Historical For You, Not Wishful Thinking – An Easter Devotion
A Devotion for Easter Season 2010
Paul R. Raabe
“This one God raised on the third day and gave him to become manifest, not to all the people but to us who had been chosen by God as witnesses, who ate and drank with him after he rose from the dead.”
Christianity is not just another religion with religious ideas. “Tell me about your religion.” “My religion has the interesting idea of resurrection.” No, Christianity is not just about ideas.
Christianity makes historical claims. Key to these historical claims is the bodily resurrection of Jesus of Nazareth. Yet, the resurrection of Jesus did not occur in a vacuum, as some weird, freakish event out of nowhere. No, it occurred in a specific historical context. It came as the fulfillment of a much longer historical narrative. In Acts 13 the Apostle Paul presents that narrative, a narrative that refers to real historical events. The Creator of all things chose ancient Israel to be his covenant people. He delivered them from Egyptian bondage; he nourished them through the wilderness for 40 years, and he brought them into the land of Canaan. He gave them judges until he anointed David, the son of Jesse, to be their king. Of the house and lineage of David there eventually was born Jesus of Nazareth, the Messiah.
This Jesus of Nazareth was baptized by John in the Jordan River. Then he began his public ministry. Toward the end of his public ministry, in fulfillment of the ancient Scriptures, this Jesus of Nazareth was crucified outside the walls of Jerusalem on a Friday in April, 30 A.D. This same Jesus of Nazareth was buried in the tomb of Joseph of Arimathea. And early on that Sunday morning in April 30 A.D., this same Jesus of Nazareth was bodily raised from the dead by God the Father.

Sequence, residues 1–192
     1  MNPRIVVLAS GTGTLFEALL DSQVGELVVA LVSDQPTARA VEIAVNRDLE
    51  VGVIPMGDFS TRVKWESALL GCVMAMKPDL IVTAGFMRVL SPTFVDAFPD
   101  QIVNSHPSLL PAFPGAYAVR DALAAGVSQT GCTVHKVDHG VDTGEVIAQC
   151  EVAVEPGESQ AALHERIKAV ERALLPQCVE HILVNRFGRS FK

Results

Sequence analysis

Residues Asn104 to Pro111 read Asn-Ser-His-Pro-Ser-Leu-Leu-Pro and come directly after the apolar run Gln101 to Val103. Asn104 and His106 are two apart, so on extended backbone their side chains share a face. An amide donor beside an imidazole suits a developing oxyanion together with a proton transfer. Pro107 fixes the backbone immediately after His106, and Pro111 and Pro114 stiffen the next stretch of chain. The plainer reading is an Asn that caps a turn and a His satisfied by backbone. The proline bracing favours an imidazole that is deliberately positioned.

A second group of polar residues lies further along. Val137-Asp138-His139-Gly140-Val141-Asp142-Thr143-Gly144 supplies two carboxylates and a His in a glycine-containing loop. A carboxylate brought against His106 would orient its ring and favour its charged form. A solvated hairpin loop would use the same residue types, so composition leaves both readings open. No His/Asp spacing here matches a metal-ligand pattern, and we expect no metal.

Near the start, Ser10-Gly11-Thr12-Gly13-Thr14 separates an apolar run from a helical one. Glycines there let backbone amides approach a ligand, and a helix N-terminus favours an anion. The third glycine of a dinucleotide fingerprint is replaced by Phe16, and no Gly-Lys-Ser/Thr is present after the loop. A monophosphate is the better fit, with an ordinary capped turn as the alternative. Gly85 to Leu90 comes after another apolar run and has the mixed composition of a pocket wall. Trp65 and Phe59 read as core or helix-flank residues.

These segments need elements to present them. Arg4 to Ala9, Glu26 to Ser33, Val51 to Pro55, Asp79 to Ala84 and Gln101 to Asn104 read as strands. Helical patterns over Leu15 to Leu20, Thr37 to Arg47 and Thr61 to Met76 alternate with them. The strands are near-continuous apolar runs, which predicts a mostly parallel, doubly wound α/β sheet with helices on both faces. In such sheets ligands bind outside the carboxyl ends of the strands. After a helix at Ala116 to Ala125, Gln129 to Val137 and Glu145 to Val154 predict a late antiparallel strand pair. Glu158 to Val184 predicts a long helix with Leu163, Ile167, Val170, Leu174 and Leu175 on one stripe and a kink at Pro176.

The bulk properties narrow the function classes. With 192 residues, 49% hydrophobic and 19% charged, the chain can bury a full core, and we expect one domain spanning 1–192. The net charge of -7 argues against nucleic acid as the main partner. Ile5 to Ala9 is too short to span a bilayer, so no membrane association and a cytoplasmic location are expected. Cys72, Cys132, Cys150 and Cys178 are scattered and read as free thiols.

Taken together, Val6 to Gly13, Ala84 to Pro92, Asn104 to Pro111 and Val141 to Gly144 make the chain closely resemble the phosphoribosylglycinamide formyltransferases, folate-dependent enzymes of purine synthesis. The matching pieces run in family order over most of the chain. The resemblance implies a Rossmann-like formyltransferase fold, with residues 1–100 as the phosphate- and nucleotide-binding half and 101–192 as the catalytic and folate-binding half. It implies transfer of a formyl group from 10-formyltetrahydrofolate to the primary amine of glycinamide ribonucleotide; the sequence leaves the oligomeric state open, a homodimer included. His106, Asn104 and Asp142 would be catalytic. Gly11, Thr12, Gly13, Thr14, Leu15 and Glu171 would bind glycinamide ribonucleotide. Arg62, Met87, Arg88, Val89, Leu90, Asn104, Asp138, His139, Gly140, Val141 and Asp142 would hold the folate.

The tomb was empty. Even his opponents conceded the fact, although they quickly concocted the falsehood that his followers stole the body. That notion is still around. I recently heard an archaeologist speak about 1st century burial practices, who remarked that the followers of Jesus must have taken the body and buried it elsewhere. A lot of people deny his bodily resurrection. Even some so-called Christian theologians say that the historical Jesus was buried, yes, but when it comes to the resurrection, that is the Christ of faith. With friends like that, who needs enemies?
A lot of people consider the claim that Jesus bodily rose from the dead to be wishful thinking on the part of Christians. Americans can be prone to wishful thinking. I would argue that much of pop culture can be characterized as wishful thinking. A few years ago there was a cult that committed suicide because they supposed that would transport them to a passing comet. That kind of wishful thinking led to a dead end, literally.